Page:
Hercules React Native Server Side - Server Side Proof of Concept

Key Information

The challenge is finished.

Challenge Overview

This challenge will be the start of a new project involving React Native.  The eventual goal is to have a way to build React Native apps for Hercule's embedded devices that communicate with the device over websockets.  The client has existing technology for this websocket communication, and a specific JSON-formatted protocol for messages to and from the server.  They would like to see if we can build a React Native piece that sits on a server and communicates with clients, sending them messages to draw the React Native components.

Basically, we are going to stream apps to a client and update the client based on actions that raise events from the client to the server.


Running a websocket communication between client and a server in React Native does appear to be possible, but it doesn't appear to be well documented.  See the last couple minutes of this video where the presenter mentions it briefly:



The goal of this challenge is to implement a proof of concept with these simple requirements:

1.  The proof of concept will be implemented in React Native and deployed on Heroku
2.  The server will accept a web socket connection from the client
3.  The client will send a JSON formatted message to the server (onConnect below)
4.  The server will reply back with some JSON formatted details of a screen to draw
5.  The client will mock drawing the screen 
6.  The user can press a button and send an event to the server
7.  The server will respond back with updates to draw
8.  The client will mock drawing the updates

Note -  No actual drawing is required.  It's enough for the client to be a simple command line application that just outputs the JSON messages to the command line and accepts key presses as input.  The actual drawing and translation of the messages from React to the client's protocol will come later.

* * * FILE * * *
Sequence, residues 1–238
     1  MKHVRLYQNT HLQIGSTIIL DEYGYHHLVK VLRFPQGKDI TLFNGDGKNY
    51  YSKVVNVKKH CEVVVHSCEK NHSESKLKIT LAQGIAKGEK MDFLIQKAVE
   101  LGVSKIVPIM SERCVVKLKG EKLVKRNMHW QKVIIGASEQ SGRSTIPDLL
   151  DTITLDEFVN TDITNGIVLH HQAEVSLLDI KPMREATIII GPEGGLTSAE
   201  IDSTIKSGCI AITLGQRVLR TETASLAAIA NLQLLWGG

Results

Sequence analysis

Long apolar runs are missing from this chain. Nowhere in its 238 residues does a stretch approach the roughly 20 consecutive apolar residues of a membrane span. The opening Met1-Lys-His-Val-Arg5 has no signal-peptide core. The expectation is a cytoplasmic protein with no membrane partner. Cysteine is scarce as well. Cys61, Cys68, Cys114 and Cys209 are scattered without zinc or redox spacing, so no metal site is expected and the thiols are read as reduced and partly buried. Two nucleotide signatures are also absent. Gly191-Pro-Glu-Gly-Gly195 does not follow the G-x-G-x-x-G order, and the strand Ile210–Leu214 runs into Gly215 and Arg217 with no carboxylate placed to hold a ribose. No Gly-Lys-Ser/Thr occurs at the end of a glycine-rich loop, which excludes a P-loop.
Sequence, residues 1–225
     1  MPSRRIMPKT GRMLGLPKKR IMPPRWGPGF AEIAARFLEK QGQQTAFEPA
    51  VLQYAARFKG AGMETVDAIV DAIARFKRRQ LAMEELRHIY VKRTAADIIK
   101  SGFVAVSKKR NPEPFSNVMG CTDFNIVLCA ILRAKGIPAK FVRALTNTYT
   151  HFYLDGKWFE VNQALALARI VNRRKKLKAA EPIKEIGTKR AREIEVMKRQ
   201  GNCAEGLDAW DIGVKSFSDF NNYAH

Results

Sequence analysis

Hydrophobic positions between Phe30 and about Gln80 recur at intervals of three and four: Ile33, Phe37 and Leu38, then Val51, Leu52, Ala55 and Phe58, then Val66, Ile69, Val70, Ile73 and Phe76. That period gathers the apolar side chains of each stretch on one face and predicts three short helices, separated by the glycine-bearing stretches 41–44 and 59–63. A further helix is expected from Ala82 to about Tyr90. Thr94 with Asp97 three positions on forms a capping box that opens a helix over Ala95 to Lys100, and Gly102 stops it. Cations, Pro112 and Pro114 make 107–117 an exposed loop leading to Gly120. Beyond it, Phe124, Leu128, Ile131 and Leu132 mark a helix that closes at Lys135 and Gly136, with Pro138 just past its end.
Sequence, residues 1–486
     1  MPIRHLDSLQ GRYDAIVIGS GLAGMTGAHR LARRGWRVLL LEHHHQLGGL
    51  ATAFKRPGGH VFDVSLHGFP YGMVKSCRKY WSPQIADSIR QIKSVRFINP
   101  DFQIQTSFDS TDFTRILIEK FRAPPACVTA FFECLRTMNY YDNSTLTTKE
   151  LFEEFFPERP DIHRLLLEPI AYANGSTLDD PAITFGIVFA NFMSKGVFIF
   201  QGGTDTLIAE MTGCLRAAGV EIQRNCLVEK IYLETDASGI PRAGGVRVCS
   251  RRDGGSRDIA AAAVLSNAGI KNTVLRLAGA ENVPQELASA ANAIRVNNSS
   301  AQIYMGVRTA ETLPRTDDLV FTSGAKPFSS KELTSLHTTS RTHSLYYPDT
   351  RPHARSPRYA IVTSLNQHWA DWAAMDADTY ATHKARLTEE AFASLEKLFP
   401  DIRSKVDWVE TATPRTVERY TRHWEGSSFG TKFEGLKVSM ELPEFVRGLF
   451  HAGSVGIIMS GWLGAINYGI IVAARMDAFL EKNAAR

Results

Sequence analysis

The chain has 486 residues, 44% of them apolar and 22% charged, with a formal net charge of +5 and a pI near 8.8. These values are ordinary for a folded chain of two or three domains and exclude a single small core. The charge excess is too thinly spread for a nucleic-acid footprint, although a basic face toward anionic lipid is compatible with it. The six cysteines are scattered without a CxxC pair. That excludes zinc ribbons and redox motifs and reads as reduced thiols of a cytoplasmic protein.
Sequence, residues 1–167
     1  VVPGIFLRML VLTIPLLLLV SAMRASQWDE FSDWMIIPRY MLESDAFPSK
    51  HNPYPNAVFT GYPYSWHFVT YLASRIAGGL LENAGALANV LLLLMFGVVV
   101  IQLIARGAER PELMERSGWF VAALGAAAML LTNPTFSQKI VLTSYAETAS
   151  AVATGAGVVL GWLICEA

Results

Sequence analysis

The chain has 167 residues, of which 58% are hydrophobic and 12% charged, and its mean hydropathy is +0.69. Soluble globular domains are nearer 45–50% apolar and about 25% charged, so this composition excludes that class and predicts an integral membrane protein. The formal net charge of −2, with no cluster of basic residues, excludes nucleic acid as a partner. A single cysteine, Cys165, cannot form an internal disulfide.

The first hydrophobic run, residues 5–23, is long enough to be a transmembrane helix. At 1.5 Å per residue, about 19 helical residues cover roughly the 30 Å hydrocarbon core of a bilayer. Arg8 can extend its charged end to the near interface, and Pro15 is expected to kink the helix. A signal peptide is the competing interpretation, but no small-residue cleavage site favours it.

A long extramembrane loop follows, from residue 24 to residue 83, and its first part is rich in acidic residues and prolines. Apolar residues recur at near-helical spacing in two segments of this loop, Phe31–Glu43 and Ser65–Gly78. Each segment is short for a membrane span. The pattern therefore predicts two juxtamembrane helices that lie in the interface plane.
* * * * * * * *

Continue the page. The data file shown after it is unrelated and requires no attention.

The server side "screens" will be implemented in React Native, using React classes.  Please pick a couple to use, like View, Text, and Switch.  They will just be sent to the client in JSON format, but the actual parameters don't matter at this point - we just want to see the communication between the client and server working, with serialized React screens being sent.

For instance, if a React Native app is defined like this:

import React, { Component } from 'react';
import { AppRegistry, Text } from 'react-native';

class HelloWorldApp extends Component {
  render() {
    return (
      <Text>Hello world!</Text>

    placeholder="Enter text here..."


AppRegistry.registerComponent('HelloWorldApp', () => HelloWorldApp);
handleKeyDown: function(e) {

The server might send a JSON message to the websocket client that looks like this.  This is just a suggested format - the actual format just has to encapsulate a good view and be readable for review.  The true format will come in a later challenge, so all we're doing now is validating.

    "app": {
        "name": "Hello World",
        "view": {
            "text": "Hello World!",
            "textInput": "
Enter text here"


The client will open a connection to a websocket on the server.  Once the connection is open, it will send a simple message, like this:

    "onConnect": {
        "name": "React client1"

The server will respond with the view details described above.

Then, the client can send an event, like a key press.  The event could look something like this:

    "event": {
        "type": "keyDown",
        "key": "Enter"

At which point the handleKeyDown callback would be called on the server.  An update to the text should then be sent from the server back to the client to complete the full loop.  This update to the text can just be something like below, but it should be fully implemented in React Native and then translated down for the client.

    "update": {
        "text": "Updated text"


Your submission should just be the codebase with a README documenting:

1.  How to deploy the server-side to Heroku
2.  How to build and test the client side and see the messages being passed
3.  What the React Native app looks like

A video is required, but it only needs to cover the validation, not the setup.  Having the setup details only in the README is fine.




Final Submission Guidelines

Please see above


2017 TopCoder(R) Open


Final Review:

Community Review Board


User Sign-Off


ID: 30056361